Braxton Berrios was shut out of the Pro Bowl poll even though he was made an alternate to the NFL’s all-star game. But he received a far more prestigious honor when he was named The Associated Press All-Pro kick returner. There is only one player to win that award and that was Berrios, whose average of 30.4 yards was top among all players with at least 20 returns. Berrios had a 102-yard return for a touchdown. Bravo for a good job.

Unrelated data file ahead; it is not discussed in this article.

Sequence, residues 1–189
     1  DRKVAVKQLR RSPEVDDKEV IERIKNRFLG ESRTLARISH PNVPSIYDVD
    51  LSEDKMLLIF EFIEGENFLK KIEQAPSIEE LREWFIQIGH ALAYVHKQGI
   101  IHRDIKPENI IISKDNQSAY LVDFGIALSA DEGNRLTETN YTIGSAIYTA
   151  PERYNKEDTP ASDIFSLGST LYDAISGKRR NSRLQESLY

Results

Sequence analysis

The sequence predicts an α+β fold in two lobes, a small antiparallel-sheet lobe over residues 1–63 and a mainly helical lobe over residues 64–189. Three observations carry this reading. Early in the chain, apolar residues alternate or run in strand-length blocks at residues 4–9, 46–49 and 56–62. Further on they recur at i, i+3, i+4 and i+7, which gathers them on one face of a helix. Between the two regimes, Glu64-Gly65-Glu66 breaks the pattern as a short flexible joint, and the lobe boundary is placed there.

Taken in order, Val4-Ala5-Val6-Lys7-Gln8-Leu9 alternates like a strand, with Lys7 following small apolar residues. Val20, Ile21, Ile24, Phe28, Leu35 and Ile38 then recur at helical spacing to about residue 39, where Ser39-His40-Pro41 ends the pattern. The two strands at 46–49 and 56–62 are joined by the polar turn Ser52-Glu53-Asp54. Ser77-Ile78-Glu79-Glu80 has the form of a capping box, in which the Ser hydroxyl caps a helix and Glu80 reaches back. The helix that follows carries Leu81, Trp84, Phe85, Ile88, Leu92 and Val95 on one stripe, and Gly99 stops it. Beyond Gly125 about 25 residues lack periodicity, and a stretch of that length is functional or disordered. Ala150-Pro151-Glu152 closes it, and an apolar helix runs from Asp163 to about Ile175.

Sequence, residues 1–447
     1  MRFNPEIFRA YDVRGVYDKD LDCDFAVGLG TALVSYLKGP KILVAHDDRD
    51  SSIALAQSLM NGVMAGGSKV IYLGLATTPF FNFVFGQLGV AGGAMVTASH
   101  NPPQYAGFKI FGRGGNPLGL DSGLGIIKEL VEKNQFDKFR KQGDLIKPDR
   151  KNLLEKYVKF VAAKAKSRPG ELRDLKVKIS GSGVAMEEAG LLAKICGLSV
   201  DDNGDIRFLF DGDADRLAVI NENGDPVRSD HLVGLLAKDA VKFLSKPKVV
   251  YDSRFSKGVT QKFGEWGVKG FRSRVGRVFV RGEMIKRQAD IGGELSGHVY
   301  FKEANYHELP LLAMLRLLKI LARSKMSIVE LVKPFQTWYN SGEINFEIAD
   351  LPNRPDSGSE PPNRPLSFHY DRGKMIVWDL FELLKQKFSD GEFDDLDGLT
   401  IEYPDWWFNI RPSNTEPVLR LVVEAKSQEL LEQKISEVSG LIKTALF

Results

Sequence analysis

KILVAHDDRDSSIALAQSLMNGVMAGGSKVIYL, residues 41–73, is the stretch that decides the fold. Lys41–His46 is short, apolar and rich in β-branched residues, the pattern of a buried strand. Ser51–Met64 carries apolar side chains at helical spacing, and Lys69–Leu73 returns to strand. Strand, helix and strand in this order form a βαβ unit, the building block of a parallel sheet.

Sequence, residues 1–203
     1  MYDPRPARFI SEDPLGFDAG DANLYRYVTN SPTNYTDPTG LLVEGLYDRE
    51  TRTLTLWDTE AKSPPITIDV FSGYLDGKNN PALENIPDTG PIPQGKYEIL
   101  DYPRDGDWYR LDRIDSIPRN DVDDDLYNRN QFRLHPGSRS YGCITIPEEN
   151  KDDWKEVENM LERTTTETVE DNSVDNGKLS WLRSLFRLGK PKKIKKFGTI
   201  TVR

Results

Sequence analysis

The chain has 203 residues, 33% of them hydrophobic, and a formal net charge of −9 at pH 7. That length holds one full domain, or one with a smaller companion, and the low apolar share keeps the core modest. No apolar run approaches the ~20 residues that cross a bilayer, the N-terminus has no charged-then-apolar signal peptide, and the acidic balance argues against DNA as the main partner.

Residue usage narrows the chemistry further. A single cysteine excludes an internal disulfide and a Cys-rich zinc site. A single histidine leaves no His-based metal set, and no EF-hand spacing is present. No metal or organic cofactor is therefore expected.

Hitting the big one with quarterbacks is still an inaccurate science, but the teams that make the right call have been rewarded nicely. Consider: A quarterback taken in each of the final six drafts advanced to this year’s playoffs. It includes Mac Jones of the Patriots (2021), Joe Burrow of the Bengals (2020), Jalen Hurts of the Eagles (2020), Kyler Murray of the Cardinals (2019), Josh Allen of the Bills (2018), Patrick Mahomes from Kansas City (2017) and Dak Prescott of the Cowboys (2016). . . There were 34 matches in 2021 that included the game-winning result in the final game. That’s the most in NFL history. There were 49 match-winning goals in the last minute of regulation or overtime, a draw as the most ever. . . If the Eagles pull out of defending champion Bucs, it will be because of their running game. They led the NFL with an average of 159.7 yards per game. match and was the first team since the legendary ’85 Bears to rush at least 175 yards in seven straight games. Hurts, making his playoff debut, led all quarterbacks with 784 rushing yards and 10 rushing touchdowns. . . 49ers receiver Deebo Samuel had a great year with 1,770 scrimmage yards, third best in the NFL. Samuel also became the first player in NFL history with at least 1,400 receiving yards and 300 rushing yards in a single season (1,405 and 365). Great use of his talents by coach Kyle Shanahan, one of the league’s great offensive heads. . . Tomlin owns one of the most notable streaks in today’s NFL: He’s led the Steelers to winning records in all 15 of his seasons as head coach. He qualified for the playoffs for the 10th time. . . With his 23rd playoff start, Roethlisberger will tie Joe Montana to the fourth-most postseason start of a quarterback in league history. . . Does momentum matter when you are heading into the playoffs? We’re figuring it out. Arizona got off to a great start at 7-0 and 10-2, but the Cardinals lost four of their last five on their way into Monday night’s first-round matchup against the Rams at SoFi Stadium. Keep this in mind though: The Cardinals won 8-1 on the road, including a 37-20 victory on October 3 in Los Angeles.